High street restaurant salt levels are double the RDA

By Becky Paskin

- Last updated on GMT

Related tags High street Food

High street restaurant salt levels are double the RDA
High street restaurants are serving meals containing twice the recommended daily allowance of salt, despite health warnings from the Food Standards Agency

Some high street restaurant meals are providing diners with twice their recommended daily allowance of salt, despite health warnings from the Food Standards Agency.

Sixteen high street restaurant chains’ dishes were checked in a joint effort between Consensus Action on Salt and Health​ (CASH) and Trading Standards to mark the beginning of National Salt Awareness Week (2-8 February).

Over a third of the restaurants investigated were found to serve meals containing more than 6g of salt, an adult’s RDA, with Old Orleans’ Chicken Fajitas the worst offender, containing 8.8g of salt per serving.

Professor Graham MacGregor, chairman of CASH, was angered at the discoveries. “It simply beggars belief that almost five years after the Food Standards Agency launched its salt reduction programme, and with all the publicity there has been about the 6g a day target, some high street restaurants have done nothing to reduce the amount of salt they add to their meals,” he said. “If they had even considered this issue then we wouldn’t be finding meals containing more than a day’s salt limit in a single course.”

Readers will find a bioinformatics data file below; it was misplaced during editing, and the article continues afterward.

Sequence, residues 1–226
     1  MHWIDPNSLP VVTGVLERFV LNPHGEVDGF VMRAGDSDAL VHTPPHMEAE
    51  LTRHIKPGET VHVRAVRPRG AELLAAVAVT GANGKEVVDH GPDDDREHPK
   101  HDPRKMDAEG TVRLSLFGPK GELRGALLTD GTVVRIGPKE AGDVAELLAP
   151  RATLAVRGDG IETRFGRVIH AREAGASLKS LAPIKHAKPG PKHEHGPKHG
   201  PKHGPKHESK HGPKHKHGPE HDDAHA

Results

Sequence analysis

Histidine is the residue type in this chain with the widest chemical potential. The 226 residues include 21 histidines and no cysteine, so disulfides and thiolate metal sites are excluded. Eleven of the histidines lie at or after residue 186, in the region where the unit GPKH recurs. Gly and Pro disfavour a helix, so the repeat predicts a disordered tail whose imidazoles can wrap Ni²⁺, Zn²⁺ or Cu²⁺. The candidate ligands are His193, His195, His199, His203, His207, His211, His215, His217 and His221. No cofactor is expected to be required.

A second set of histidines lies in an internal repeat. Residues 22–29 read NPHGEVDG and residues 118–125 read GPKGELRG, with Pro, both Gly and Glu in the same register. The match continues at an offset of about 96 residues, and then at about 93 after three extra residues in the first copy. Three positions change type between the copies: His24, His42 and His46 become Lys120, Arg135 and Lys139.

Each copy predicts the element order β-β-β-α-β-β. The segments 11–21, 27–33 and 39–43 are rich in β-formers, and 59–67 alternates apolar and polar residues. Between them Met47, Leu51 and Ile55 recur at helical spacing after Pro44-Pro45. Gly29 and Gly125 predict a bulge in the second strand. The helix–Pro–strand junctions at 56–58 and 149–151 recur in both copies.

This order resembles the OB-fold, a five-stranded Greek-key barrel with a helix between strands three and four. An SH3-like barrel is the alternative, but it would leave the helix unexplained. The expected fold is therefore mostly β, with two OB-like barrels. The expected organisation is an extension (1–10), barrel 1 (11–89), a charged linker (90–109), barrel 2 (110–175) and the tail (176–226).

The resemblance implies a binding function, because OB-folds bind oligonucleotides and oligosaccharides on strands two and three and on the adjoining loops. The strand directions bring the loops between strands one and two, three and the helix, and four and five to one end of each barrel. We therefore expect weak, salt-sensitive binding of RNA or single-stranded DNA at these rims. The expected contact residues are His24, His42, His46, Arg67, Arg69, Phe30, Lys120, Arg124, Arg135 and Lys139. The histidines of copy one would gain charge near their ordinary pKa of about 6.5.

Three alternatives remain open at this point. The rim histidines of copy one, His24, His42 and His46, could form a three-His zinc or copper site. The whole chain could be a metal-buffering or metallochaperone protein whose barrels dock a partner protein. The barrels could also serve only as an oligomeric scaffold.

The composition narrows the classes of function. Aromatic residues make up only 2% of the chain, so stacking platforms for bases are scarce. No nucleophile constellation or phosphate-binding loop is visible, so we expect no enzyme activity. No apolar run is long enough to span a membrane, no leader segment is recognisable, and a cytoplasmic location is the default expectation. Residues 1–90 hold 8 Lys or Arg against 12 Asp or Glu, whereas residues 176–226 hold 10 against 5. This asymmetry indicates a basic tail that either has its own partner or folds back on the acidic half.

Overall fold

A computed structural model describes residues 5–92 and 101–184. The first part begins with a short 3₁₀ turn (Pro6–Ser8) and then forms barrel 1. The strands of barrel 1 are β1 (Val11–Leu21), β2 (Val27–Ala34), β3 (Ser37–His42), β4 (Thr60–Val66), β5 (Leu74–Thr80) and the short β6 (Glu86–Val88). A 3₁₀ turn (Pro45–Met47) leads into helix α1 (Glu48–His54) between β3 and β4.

While Old Orleans was also found to serve Chicken Wings and Ribs that contained 7.6g of salt per serving, many other high street establishments were found to serve dishes that exceeded the RDA, with Pizza Express’s American Hot pizza containing 7.5g, and Wagamama’s Ramen containing 7.2g.

Carrie Bolt, CASH nutritionist said: “Our worry is that people eating some of the higher salt meals we found, will have no way of knowing how much salt is in their meal or that they have exceeded their daily salt limit, as there is no information available to them in the restaurants. We would much rather that restaurants gave their customers the choice when it comes to salt in their meals – add less during the cooking stage and let people add more at the table if they want to.”

In July, the Food Standards Agency called for caterers to reduce the level of salt in their dishes, considering the average person ate one in every six meals out of home. High levels of salt in a person’s diet can cause high blood pressure, heart disease and even strokes, but despite a large drop in the average British person’s daily intake in the last nine years, the national average currently stands at 8.6g per day.

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